Species face extinction as London gets £50m to clean up carbon: GWM news brief

Written by Lori Campbell on 17th Feb 2020

A third of all plant and animal species on Earth face extinction in just 50 years due to man-made climate change, warns a new report, as London gets £50 million to help it become carbon neutral by 2030. Meanwhile, EDF Energy buys a majority stake in electric car charging firm Pod Point for £100 million, the UK’s first subsidy-free community solar farm launches, and US-based Delta Air Lines commits $1 billion to becoming carbon neutral by 2030.

 

One third of plant and animal species extinct in 50 years

One third of all plant and animal species on our planet face extinction in just 50 years due to man-made climate change, says a new report.

The damning new study of humanity’s impact on the world’s ecosystems examined recent extinctions due to climate change and projections for the future as temperatures continue to warm.

It is the latest research to paint a bleak picture of future biodiversity on Earth, as other scientists have warned our species is responsible for bringing about a sixth mass extinction event.

The research team, from the University of Arizona, used data from 538 species at 581 sites around the globe and focused on species which had been studied at the same place at least 10 years apart.

It comes as temperatures in the Antarctic broke the 20C barrier for the first time last week, reinforcing concerns that melting ice could raise global sea levels by dozens of metres.

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£50m to reduce emissions in London

London’s mayor Sadiq Khan is to spend £50 million on a ‘Green New Deal’ for London as part of a pledge to make the UK capital carbon neutral by 2030.

The mayor, who faces an election in May, said the money highlights his commitment to tackling the climate crisis and improving London’s high levels of air pollution.

The new fund, which officials said comes from higher council tax and business rates, has not yet been allocated to specific programmes. Proposals being considered include making homes energy efficient, creating new green spaces and speeding up the installation of solar panels in the capital.


Find out how you can help make the world a better place in our Good Guide to Impact Investing


EDF buys electric car charging firm Pod Point in £100m deal

EDF Energy has bought a majority stake in electric vehicle charging point maker Pod Point in a £100 million deal.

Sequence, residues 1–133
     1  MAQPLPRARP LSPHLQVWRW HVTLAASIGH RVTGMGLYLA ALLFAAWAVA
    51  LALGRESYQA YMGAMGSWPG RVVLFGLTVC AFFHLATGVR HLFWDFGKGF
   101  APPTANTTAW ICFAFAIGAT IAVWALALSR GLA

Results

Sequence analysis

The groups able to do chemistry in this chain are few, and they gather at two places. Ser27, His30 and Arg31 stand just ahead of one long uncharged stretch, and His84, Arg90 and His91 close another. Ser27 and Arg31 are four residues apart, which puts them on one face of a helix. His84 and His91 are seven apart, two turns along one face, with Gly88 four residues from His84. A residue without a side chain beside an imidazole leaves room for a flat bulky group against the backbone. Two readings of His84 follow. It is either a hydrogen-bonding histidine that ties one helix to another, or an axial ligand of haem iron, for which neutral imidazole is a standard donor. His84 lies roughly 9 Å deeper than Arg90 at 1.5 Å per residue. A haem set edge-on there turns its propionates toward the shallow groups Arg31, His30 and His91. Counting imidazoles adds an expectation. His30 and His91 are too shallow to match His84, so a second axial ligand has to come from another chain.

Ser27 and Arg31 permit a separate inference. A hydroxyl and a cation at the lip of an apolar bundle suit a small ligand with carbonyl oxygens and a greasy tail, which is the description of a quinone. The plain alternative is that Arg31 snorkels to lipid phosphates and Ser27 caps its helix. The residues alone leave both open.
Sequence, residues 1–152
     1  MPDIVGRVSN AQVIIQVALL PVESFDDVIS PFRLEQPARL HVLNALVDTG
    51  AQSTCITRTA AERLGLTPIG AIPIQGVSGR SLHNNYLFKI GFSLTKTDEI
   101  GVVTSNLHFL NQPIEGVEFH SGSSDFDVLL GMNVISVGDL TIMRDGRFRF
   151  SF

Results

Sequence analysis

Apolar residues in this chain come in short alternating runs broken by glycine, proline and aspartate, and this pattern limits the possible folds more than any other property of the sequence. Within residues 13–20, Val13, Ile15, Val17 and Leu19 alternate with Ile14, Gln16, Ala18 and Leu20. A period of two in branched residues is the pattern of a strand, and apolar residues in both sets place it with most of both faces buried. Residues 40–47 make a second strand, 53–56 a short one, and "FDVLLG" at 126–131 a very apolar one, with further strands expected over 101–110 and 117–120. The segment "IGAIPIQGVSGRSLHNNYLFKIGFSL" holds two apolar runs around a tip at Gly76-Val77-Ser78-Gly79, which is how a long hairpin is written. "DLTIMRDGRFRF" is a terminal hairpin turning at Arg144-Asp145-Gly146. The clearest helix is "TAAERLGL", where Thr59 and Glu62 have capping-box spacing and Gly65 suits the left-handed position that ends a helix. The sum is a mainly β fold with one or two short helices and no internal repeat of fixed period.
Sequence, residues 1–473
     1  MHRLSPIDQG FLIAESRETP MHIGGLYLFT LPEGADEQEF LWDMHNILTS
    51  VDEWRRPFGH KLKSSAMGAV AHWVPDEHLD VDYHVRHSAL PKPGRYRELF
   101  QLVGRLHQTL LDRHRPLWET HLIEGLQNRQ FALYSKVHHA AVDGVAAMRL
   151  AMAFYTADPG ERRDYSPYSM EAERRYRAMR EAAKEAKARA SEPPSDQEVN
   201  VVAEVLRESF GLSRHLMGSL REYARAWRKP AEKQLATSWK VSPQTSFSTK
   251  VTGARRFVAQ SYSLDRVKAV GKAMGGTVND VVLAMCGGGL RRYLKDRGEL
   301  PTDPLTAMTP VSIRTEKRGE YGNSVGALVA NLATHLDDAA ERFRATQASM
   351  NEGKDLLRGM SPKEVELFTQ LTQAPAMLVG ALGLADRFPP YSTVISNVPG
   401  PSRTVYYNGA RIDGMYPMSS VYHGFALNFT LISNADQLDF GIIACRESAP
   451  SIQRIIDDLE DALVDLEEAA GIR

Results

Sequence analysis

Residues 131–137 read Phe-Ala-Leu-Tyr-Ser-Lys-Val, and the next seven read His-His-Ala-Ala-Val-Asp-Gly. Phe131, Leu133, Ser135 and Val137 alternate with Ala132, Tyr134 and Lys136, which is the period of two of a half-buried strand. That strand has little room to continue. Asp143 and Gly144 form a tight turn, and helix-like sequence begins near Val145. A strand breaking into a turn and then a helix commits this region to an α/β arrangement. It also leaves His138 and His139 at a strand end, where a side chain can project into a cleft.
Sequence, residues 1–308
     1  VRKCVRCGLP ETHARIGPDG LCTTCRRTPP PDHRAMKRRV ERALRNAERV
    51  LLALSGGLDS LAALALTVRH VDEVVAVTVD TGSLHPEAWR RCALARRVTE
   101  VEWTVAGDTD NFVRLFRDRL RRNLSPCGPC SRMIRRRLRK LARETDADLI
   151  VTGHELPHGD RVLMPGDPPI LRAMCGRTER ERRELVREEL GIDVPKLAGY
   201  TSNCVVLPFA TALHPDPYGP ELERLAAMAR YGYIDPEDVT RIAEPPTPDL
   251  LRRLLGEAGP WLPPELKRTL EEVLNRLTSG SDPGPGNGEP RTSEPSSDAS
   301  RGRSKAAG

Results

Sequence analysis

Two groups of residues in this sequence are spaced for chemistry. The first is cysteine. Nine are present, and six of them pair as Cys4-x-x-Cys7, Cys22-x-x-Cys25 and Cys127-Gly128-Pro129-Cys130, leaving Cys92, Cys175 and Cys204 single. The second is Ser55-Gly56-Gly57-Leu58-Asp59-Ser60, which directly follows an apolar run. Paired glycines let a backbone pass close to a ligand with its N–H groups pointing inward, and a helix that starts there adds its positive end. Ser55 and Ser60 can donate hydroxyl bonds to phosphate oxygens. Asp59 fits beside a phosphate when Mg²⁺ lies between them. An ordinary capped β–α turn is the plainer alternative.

Legal & General Capital is to take a further 23 per cent stake in Pod Point.

It comes after months of talks between the start-up and the French state-backed energy giant. The deal will give EDF access to the growing market for renewably-powered vehicles. It will now control around 1,700 public charging points to now coincide with its existing electric vehicle tariffs.

Pod Point chief executive Erik Fairbairn said: “Our shareholders believed in our vision that travel shouldn’t exacerbate carbon emissions and I’m delighted we can repay them with a return on their investment.”


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UK’s first subsidy-free community solar farm connects to grid

The UK’s first subsidy-free community solar farm has been connected to the grid in Devon.

It is set to provide 7.3MW of clean power while driving investment returns for local residents, said developers.

Led by Community Owned Renewable Energy Partners (CORE) alongside Yealm Community Energy (YCE), the Creacombe Community Solar Farm began construction last year after five years in development.

Around 4.4MW of the solar farm’s capacity – which was eligible for the last remaining community feed-in-tariff subsidies on offer in the UK – was commissioned in December. The remaining subsidy-free 2.9MW was commissioned at the end of last month.

YCE plans to launch an investment offer this summer to enable the community to invest directly in both the Creamcombe project as well as the nearby Newton Downs solar farm. Together they are capable of generating enough electricity to supply the equivalent of all households across five local parishes.


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Delta Air Lines commits $1bn to become carbon neutral

US-based Delta Air Lines is to spend $1 billion (£0.77 billion) over the next decade to become carbon neutral by 2030.

The pledge, which covers the company’s air and on-the-ground emissions, was made by the company’s chief executive Ed Bastian who also announced a $1.6 billion (£1.23 billion) profit share scheme for Delta’s employees.

The aviation industry accounts for around 2 per cent of global emissions, and Delta is the latest company in the sector to set a carbon-neutral target. However, airline companies have been criticised for an over-reliance on offsets in place of focused carbon reduction targets.

British Airways has begun offsetting all emissions generated through domestic flights within the UK, at no additional cost to passengers, to build on parent company International Airlines Group’s (IAG) 2050 net-zero ambition.


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